Despite spending more than twice as much as other developed countries, the United States still lags behind in terms of access and quality, an international survey said Wednesday.
Insurance restrictions and health care costs make US patients more likely than people in 10 other countries to struggle to receive treatment, according to the annual survey of over 10,000 primary care physicians.
“We spend far more than any of the other countries in the survey, yet a majority of US primary care doctors say their patients often can’t afford care,” said lead author Cathy Schoen, senior vice president of the Commonwealth Fund.
Some 58 percent of primary care doctors in the United States said their patients have trouble paying for care and medication, compared to five to 37 percent in the other countries.
The study, published in the journal Health Affairs, comes as US President Barack Obama faces a pitched and prolonged battle in Congress over his plans to reform the country’s health care system.
The United States is the only industrialized democracy that does not ensure that all of its citizens have health care coverage, with an estimated 36 million Americans uninsured.
Yet the country spent about 7,290 dollars per person in 2007 — more than double expenditures by Britain, France and Germany — with no meaningful edge in the quality of care as it lags behind in life expectancy and infant mortality, according to the .
Half of US doctors were found to spend “substantial” time addressing restrictions insurance companies place on the care of their patients in the study.
“The survey provides yet another reminder of the urgent need for reforms that make accessible, high-quality primary care a national priority,” said Commonwealth Fund President Karen Davis.
US physicians are at least four times more likely than their counterparts in countries like Australia, the Netherlands, Sweden and Britain to report major problems with the time spent getting patients needed care or medication due to the restrictions, it said.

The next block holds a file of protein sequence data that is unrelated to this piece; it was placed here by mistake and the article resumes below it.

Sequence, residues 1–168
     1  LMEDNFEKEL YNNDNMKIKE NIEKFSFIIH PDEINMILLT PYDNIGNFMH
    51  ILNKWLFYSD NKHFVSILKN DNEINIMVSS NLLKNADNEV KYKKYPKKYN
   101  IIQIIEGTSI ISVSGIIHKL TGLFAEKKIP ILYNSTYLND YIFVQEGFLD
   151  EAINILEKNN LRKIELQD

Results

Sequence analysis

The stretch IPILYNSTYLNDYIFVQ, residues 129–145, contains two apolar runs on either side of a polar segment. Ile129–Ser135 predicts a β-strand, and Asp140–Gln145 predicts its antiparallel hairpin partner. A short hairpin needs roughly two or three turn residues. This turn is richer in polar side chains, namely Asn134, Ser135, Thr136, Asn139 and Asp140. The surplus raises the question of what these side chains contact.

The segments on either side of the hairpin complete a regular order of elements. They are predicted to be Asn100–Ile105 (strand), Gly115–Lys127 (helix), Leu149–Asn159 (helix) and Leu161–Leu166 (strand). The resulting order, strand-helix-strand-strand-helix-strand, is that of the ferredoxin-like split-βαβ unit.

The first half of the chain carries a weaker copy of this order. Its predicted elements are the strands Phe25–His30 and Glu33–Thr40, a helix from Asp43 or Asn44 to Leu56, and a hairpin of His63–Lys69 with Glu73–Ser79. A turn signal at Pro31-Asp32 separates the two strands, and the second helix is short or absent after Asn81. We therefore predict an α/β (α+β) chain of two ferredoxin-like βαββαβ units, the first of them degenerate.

“The patient-centered chronic care model originated in the US, yet other countries are moving forward faster to support care teams including nurses, spending time with patients and assuring access to after-hours,” said Schoen.
Almost all doctors surveyed from Britain, the Netherlands and New Zealand said they had arrangements for patients to see a doctor after normal business hours without having to go to the emergency room, a far more costly undertaking.
But only 29 percent of US physicians — the lowest ranking in the study — said they offered such an arrangement.
“Our weak primary care system puts patients at risk, and results in poorer health outcomes, and higher costs,” warned Davis.
Most US primary care physicians also lack health information technology to access test results for their patients, help reduce medication errors and improve care, the study found.
Only 46 percent of US doctors were found to use electronic medical records, compared to 99 percent of their colleagues in the Netherlands and 97 percent in New Zealand and Norway.
Eleven developed countries — Australia, Canada, France, Germany, Italy, the Netherlands, New Zealand, Norway, Sweden, Britain and the United States — were surveyed for the study.
The survey was conducted by mail, phone and online from February to July 2009.